Wednesday 11 December 2019
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theguardian - 19 days ago

Before Trump: the real history of fake news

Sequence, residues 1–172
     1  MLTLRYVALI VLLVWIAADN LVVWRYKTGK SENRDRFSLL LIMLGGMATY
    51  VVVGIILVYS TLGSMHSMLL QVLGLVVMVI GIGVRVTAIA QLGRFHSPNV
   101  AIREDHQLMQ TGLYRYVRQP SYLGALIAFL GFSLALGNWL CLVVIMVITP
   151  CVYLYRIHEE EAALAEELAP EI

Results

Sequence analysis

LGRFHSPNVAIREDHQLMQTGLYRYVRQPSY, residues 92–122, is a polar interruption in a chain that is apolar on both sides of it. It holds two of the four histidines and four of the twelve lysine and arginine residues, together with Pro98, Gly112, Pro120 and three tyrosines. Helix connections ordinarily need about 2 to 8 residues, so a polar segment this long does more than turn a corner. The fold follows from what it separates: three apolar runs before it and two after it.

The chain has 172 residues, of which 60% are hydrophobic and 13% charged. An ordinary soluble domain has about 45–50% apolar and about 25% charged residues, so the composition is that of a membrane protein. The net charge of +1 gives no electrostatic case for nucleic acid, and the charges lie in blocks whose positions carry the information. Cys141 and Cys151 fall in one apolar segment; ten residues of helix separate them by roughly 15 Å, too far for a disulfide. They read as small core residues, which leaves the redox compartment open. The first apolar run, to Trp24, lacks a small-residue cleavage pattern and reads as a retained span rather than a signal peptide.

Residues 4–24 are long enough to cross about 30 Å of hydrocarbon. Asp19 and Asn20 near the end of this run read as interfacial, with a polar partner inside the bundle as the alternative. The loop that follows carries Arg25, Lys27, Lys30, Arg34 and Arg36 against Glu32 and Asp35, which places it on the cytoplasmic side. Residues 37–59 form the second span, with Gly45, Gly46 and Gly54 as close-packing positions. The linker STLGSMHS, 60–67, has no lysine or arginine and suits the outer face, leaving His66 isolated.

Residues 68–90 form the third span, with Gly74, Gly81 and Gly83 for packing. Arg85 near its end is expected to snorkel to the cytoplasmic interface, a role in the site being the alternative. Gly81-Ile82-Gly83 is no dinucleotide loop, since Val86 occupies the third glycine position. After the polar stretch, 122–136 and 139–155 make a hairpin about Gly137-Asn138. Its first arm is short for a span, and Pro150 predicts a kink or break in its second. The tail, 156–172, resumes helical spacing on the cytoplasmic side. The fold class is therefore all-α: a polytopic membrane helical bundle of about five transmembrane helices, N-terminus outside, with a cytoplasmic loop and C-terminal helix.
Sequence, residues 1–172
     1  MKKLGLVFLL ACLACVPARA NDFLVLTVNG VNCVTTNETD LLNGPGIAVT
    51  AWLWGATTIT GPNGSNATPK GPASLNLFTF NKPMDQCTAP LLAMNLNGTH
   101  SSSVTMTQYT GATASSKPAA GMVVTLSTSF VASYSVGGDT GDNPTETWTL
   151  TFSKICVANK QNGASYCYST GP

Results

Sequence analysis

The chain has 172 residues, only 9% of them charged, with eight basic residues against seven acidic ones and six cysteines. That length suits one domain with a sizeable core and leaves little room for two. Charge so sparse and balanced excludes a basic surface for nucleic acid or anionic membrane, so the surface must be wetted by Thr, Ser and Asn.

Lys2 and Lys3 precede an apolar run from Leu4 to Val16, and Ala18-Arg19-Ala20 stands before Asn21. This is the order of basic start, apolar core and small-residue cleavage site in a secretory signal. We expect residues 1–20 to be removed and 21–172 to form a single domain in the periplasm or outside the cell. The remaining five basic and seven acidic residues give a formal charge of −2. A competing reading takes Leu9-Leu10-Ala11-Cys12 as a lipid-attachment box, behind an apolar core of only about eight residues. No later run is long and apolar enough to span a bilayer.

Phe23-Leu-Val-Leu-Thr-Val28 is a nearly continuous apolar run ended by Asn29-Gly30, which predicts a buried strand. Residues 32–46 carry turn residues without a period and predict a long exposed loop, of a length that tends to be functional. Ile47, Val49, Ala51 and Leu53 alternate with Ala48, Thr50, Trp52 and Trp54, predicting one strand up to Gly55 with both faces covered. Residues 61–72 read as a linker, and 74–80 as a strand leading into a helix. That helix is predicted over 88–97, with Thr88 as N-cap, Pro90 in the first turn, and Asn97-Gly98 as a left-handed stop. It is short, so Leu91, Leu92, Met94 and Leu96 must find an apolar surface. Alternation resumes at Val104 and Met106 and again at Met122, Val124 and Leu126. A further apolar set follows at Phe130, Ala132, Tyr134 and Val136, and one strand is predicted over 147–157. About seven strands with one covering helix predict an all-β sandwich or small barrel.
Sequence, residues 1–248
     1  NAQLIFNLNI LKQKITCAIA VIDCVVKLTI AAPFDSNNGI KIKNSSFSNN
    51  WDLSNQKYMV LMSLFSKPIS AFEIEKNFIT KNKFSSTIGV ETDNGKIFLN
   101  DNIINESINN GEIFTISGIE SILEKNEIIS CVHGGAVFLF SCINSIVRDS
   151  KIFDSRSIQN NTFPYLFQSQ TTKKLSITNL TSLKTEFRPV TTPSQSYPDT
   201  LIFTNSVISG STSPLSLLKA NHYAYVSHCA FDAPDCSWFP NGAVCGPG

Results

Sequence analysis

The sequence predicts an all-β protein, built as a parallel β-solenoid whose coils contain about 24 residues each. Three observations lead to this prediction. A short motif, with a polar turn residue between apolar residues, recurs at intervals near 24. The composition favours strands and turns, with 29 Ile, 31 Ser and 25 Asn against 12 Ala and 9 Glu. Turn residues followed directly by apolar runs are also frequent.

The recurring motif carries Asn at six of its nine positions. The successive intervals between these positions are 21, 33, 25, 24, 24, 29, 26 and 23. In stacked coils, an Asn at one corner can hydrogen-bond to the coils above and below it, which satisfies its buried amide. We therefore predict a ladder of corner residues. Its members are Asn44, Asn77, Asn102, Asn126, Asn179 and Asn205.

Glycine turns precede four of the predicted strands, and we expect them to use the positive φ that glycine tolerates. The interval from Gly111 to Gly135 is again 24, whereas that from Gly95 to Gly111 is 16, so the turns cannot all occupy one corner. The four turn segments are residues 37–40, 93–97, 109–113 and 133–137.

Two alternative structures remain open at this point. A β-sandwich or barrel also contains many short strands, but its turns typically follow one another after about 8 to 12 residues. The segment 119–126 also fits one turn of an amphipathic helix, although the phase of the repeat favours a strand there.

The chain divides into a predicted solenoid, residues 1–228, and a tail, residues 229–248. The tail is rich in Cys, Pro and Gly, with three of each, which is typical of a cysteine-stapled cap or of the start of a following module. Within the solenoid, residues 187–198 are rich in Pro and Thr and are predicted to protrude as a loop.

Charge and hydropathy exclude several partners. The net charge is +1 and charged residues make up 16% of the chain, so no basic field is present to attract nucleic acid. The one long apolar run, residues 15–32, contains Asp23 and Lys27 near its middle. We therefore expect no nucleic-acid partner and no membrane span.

Made-up facts and boastful dissimulators have been with us for hundreds of years but do you know your taradiddlers from your ultracrepidarians?As the UK slouches towards yet another general election, the social media giants have adopted contrasting approaches to the problem of dishonest campaigning. Twitter has banned political ads altogether, while Facebook will serenely allow them to spread falsehoods. Indeed, it is often supposed that the age of Trump and Brexit heralds something new: the political supremacy of the lie absolute, the cynical fabrication, the bot-netted virality of fake news. But old words buried in the geological strata of the English language tell quite the opposite story, that made-up facts and boastful dissimulators have always been with us. To unearth and polish these fossils may act as some small consolation, while providing resources for expressive resistance to the ongoing omnishambles.Last month, the European commission cautiously welcomed some self-assessment reports from Facebook, Twitter, Google, Microsoft and Mozilla under the aegis of its Code of Practice on Disinformation, while noting sorrowfully that “large-scale automated propaganda and disinformation persist”. The word “disinformation”– probably derived from the Russian dezinformacija – stems from the earliest years of the cold war, and properly means sowing falsehoods among one’s enemies in order to confuse them about one’s own capabilities or intentions. But the more general term “misinformation” – spreading untruths – has been around since the late 16th century. Samuel Johnson, writing of the king of Prussia in 1756, said his subject “declares himself with great ardour against the use of torture, and by some misinformation charges the English that they still retain it”. Continue reading...

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